Tuesday, October 22, 2013

C. S. Lewis, Children, Property & Justice

Here is C. S. Lewis dealing, parenthetically, with an issue which parents often ask about. I think he is exactly right.
“The question whether the disputed pencil belongs to Tommy or Charles is quite distinct from the question which is the nicer little boy, and the parents who allowed the one to influence their decision about the other would be very unfair. (It would be still worse if they said Tommy ought to let Charles have the pencil whether it belonged to him or not, because this would show he had a nice disposition. That may be true, but it is an untimely truth. An exhortation to charity should not come as rider to a refusal of justice. It is likely to give Tommy a lifelong conviction that charity is a sanctimonious dodge for condoning theft and whitewashing favouritism.)”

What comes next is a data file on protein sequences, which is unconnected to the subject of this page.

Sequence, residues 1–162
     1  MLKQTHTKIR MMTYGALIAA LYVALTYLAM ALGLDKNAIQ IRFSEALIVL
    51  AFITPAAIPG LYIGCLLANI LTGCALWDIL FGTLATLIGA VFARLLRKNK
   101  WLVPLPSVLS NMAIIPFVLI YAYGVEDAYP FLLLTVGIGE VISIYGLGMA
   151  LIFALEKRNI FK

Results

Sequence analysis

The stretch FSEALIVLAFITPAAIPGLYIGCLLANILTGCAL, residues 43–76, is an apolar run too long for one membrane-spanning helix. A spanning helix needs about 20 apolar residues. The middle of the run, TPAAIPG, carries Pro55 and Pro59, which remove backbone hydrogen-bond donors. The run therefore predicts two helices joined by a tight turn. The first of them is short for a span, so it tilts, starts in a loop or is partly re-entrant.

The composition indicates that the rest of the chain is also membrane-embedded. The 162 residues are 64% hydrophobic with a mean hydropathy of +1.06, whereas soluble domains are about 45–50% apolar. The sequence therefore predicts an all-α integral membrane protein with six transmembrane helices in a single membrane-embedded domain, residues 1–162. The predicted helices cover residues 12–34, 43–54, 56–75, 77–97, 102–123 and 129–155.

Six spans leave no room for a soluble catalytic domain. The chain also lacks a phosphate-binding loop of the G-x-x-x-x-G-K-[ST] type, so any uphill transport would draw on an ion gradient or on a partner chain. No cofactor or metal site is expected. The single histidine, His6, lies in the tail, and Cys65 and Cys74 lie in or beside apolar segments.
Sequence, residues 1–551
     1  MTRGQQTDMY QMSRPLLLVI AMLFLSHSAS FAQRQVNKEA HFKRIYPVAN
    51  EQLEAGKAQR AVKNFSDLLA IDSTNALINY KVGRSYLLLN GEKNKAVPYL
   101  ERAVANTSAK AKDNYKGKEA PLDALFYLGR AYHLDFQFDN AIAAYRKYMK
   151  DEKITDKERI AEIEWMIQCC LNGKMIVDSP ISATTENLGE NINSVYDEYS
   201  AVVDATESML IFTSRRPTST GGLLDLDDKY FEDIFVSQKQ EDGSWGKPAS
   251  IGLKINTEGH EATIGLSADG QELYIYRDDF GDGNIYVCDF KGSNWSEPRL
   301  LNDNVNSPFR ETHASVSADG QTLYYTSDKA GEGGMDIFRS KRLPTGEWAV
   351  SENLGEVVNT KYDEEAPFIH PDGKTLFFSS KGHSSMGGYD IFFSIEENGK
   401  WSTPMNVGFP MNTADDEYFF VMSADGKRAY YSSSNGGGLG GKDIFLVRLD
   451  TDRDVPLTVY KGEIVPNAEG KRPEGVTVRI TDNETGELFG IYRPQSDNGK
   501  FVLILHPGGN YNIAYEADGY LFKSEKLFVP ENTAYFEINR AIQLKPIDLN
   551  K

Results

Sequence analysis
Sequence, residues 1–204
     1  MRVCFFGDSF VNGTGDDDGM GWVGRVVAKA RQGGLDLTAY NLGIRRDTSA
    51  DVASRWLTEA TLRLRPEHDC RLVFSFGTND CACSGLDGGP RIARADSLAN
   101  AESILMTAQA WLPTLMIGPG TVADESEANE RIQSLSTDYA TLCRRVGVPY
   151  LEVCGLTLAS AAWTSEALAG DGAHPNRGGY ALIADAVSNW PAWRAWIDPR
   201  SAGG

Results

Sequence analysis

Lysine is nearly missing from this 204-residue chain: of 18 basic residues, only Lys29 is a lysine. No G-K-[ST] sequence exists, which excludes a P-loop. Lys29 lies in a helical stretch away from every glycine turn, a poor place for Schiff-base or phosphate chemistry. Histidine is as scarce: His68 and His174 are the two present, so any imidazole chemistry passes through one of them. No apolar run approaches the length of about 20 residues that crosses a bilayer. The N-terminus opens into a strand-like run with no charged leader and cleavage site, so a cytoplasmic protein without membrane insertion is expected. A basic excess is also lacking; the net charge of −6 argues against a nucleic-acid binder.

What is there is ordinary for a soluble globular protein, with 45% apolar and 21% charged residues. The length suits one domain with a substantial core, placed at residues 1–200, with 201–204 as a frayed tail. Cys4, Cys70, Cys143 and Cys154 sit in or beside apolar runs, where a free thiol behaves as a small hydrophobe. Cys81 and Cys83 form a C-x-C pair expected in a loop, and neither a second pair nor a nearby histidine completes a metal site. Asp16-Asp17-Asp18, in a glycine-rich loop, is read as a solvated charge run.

-          C. S. Lewis, Reflectionson the Psalms (New York: Harcourt, Brace, and World, 1958), 17-18.

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1 Comments:

At 6:47 AM, Blogger Adam Winters said...

"That charity is a sanctimonious dodge for condoning theft and whitewashing favouritism."

Ouch! Penetrating conviction!

 

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